From the foregoing description, it can be seen that the present invention provides an easily fabricated filter cartridge having mechanically self-sealing housing members. While some variations and modifications thereto have been suggested, it will be recognized by those skilled in the art that other changes could be made to the above-described embodiments of the invention without departing from the broad inventive concepts thereof. It is understood, therefore, that this invention is not limited to the particular embodiments disclosed, but is intended to cover any modifications which are within the scope and spirit of the invention, as defined by the appended claims.

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Referenced by
Citing PatentFiling datePublication dateApplicantTitle
US5277805 *May 26, 1992Jan 11, 1994Ferguson George ERechargeable water filter
US5476585 *Feb 24, 1993Dec 19, 1995Pall CorporationRemovably mounted hollow filter element and core
US5605625 *Mar 9, 1995Feb 25, 1997Pall CorporationFilter assembly
US5656160 *Dec 28, 1994Aug 12, 1997Water Safety Corp. Of AmericaCounter top water filter
US5891333 *Sep 24, 1996Apr 6, 1999Ferguson; George E.Modular multi-stage water filter apparatus
US5984109 *Apr 8, 1997Nov 16, 1999Western Filter CorporationFilter assembly including a disposable coreless filter element
US6024867 *May 12, 1997Feb 15, 2000Water Safety Corp. Of AmericaCounter top water filter with replaceable electronic display monitor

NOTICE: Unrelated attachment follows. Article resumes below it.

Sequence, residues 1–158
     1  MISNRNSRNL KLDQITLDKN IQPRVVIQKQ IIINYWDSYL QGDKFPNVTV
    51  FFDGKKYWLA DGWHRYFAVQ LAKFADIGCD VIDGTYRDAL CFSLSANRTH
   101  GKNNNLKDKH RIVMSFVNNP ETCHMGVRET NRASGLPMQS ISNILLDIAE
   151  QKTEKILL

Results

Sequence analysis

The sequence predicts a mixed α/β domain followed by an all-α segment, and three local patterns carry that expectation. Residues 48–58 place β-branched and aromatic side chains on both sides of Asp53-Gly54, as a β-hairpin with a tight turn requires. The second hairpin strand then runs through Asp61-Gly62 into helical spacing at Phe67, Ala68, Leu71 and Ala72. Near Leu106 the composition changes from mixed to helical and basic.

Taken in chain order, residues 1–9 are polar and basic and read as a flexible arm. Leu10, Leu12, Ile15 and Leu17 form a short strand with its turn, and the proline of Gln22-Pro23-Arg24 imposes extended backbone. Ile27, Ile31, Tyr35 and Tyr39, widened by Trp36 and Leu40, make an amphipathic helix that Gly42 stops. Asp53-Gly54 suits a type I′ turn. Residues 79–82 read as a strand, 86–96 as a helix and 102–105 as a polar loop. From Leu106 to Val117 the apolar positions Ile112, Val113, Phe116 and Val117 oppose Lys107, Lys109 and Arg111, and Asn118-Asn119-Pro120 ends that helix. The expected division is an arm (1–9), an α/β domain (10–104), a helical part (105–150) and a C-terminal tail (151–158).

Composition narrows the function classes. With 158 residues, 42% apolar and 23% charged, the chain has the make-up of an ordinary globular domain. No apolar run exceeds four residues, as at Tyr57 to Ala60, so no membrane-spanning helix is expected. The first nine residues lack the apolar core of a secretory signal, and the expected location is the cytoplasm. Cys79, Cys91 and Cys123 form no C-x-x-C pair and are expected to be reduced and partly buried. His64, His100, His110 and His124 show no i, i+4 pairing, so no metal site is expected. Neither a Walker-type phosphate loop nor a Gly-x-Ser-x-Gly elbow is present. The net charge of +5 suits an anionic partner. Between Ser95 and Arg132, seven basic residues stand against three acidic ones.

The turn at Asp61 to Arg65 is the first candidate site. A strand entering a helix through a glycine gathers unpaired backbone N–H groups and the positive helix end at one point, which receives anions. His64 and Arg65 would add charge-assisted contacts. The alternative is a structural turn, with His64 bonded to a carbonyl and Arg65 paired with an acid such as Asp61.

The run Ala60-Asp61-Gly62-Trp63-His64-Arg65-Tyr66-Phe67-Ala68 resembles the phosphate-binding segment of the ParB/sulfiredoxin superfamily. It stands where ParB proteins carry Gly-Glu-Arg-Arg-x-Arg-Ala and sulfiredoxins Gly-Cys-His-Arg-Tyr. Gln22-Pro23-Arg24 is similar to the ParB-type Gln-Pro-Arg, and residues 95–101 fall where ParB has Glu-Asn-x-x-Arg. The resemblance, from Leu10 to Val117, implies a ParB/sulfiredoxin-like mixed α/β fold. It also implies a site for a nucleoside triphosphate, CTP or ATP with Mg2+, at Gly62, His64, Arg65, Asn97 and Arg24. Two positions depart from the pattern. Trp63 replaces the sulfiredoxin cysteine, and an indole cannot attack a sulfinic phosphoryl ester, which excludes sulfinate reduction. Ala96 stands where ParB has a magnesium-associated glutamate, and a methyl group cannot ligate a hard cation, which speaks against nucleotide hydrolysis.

US6048456 *Jun 9, 1997Apr 11, 2000Palmer Technologies, Inc.Water filter housing
US6203697Apr 5, 1999Mar 20, 2001George E. FergusonModular multi-stage water filter apparatus
US6688327Nov 12, 2002Feb 10, 2004Mark C. BakerWater meter cover
Classifications
U.S. Classification210/232, 210/497.1, 29/521, 29/DIG.29, 29/520, 210/282, 210/450, 210/416.3, 29/DIG.77
International ClassificationB29C65/58, C02F1/00, B01D35/30
Cooperative ClassificationY10S29/029, Y10S29/077, B01D2201/304, B01D2201/301, C02F1/003, B29C65/58, B29C66/545, B29C66/5432, B29C66/53421, B01D35/30
European ClassificationB29C66/534, B29C65/58, C02F1/00D4, B01D35/30
Legal Events
DateCodeEventDescription
Jun 22, 2004FPExpired due to failure to pay maintenance fee
Effective date: 20040428
Apr 28, 2004LAPSLapse for failure to pay maintenance fees
Nov 12, 2003REMIMaintenance fee reminder mailed
Oct 20, 1999FPAYFee payment
Year of fee payment: 8
Oct 27, 1995FPAYFee payment
Year of fee payment: 4
Feb 15, 1994CCCertificate of correction
Jul 23, 1990ASAssignment
Owner name: NATIONAL SAFETY ASSOCIATES, INC., TENNESSEE
Free format text: ASSIGNMENT OF ASSIGNORS INTEREST.;ASSIGNOR:TOPCRAFT INDUSTRIES, INC.;REEL/FRAME:005383/0346
Effective date: 19890919
Oct 23, 1989ASAssignment
Owner name: TOPCRAFT INDUSTRIES, INC., 1099 MEARNS RD., WARMIN
Free format text: ASSIGNMENT OF ASSIGNORS INTEREST.;ASSIGNOR:LOWERY, RICHARD K.;REEL/FRAME:005166/0134
Effective date: 19891012